So, I’m not a reviewer of books, but I’m a blogger. I don’t have great credentials just yet. I’ve been published, and I’m just a couple months away from receiving a BA in Writing from Texas Christian University, but apart from that, I can’t provide any solid reasons why anyone should listen to what I have to say about literature apart from the fact that I love to read and that I’ve spent the past three years honing my craft and reading works from a literary standpoint, from a writer’s standpoint, from an acquisition editor’s standpoint, from a copyeditor’s standpoint, and from a writing tutor’s standpoint. That’s a lot of perspectives, but I don’t work at a publishing house, and the only awards I’ve gotten for my writing have come from TCU. I don’t have ethos, as a rhetorician might say.

However, I still took offense when reading this article about how book bloggers are harming literature: http://www.guardian.co.uk/books/2012/sep/25/books-bloggers-literature-booker-prize-stothard. Peter Stothard, editor of the Times Literary Supplement and a book blogger himself, is of the opinion that the mass of online opinion about books is damaging to the literary world. Stothard claimed, “If the mass of unargued opinion chokes off literary critics…then literature will be the lesser for it. There is a great deal of opinion online, and it’s probably reasonable opinion, but there is much less reasoned opinion….If we make the main criteria good page-turning stories – if we prioritise unargued opinion over criticism – then I think literature will be harmed. Someone has to stand up for the role and the art of the critic, otherwise it will just be drowned – overwhelmed. And literature will be worse off.”

Apparently, there are snobs toward the snobs such as myself. If I go ahead and start reviewing books, I’ll just be white noise in the buzz of literary criticism,  and I realize that, which is part of the reason I abstain. But I think there is a lot to be said for people going online and saying what the they think about books, even if they are not credentialed reviewers. For one thing, literary critics may have the literary background to give sound, well-argued opinions, but I like to hear what “regular people” are saying about books. If I find many favorable reviews online, I’ll probably discount a few as paid for by the author, but I have to believe that at least one or two are the real deal. And I like knowing that real, live people, not just regular reviewers, are liking and reading the book I’m considering sinking my teeth into. Although I’m a bit of a snob of people being able to read like writers, I think that anyone who reads a lot can get a feel for whether a book is worth reading or not, even if they can’t clearly articulate why.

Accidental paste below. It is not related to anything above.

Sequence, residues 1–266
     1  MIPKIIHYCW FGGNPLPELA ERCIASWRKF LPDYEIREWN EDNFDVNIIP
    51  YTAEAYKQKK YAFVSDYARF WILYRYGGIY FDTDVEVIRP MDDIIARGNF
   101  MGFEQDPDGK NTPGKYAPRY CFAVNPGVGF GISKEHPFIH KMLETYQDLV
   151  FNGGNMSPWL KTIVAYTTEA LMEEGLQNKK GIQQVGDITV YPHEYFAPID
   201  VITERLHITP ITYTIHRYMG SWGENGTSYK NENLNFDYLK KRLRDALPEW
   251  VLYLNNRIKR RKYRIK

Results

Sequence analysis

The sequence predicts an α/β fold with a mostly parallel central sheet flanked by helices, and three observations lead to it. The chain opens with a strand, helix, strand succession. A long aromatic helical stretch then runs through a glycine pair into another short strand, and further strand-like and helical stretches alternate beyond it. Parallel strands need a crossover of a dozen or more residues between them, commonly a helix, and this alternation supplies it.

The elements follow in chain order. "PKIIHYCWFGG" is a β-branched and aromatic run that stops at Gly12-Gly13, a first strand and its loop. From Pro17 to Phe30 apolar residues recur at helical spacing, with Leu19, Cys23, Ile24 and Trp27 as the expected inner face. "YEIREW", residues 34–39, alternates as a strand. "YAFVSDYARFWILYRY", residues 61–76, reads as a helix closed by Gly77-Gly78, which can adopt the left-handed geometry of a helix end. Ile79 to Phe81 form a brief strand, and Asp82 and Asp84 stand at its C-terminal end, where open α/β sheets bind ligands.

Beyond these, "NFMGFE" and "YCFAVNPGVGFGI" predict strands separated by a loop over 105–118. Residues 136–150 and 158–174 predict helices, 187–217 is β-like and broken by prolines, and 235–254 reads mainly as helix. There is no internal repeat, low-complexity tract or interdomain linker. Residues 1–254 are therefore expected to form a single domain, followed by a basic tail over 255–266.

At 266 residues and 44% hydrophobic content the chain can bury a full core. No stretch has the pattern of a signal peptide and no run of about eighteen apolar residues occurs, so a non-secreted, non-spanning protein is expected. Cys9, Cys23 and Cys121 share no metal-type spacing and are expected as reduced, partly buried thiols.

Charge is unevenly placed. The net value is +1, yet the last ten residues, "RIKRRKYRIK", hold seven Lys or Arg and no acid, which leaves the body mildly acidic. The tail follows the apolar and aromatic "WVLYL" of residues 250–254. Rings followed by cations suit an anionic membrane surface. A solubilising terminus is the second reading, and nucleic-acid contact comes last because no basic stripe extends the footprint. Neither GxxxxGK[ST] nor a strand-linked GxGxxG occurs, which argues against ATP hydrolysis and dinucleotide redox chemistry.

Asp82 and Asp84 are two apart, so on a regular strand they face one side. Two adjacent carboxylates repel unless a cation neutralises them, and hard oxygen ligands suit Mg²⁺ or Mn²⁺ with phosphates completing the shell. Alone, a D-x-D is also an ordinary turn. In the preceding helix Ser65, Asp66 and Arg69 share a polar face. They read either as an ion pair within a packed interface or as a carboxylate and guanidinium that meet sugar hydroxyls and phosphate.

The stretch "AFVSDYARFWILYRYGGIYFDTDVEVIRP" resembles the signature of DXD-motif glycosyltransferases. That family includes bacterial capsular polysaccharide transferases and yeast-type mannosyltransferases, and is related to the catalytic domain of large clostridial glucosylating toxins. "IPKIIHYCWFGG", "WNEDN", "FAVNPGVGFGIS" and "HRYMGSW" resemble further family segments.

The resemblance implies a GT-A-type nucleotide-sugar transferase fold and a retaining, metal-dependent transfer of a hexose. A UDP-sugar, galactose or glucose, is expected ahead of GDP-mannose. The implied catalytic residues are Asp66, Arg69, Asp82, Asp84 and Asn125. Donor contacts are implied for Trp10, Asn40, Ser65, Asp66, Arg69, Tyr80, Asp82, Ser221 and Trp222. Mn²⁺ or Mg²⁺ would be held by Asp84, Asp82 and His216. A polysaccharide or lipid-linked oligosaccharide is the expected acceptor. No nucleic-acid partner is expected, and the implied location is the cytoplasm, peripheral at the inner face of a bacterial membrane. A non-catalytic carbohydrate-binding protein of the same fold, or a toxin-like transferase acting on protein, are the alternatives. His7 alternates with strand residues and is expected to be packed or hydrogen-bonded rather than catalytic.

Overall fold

I think that the practice of online book blogging should be encouraged and definitely should continue. If there are people out there who are still passionate about reading and recommending books, then we should celebrate that. Simon Savidge fortunately disagreed with Stothard, saying, “All the blogs I follow are written for free by people who have a passion for books, many of whom are currently reading some of the Man Booker shortlisted novels, and recommending the books that excite them. I think anyone who reads a lot, just by reading, has the ability to critique anything they read … reading and the reaction is a personal experience based on life experience. Interestingly, you don’t find bloggers scathing review pages; you find them reading them between books, along with other blogs, because we are all united on the love of literature in all its forms and genres.” We should want people being so moved or annoyed by what they read to share it from the world or shout it from the mountaintops.

I’m going to keep blogging, because I love to read, and I love to write. If anything, bloggers are keeping the literary world alive and continuing to practice of loving literature.

 

Also, Banned Books Week is coming up! I’ll be having a post on whether or not YA books should have rating systems. Happy Banned Books Week in advance!!

Advertisements

The Title Tidal Wave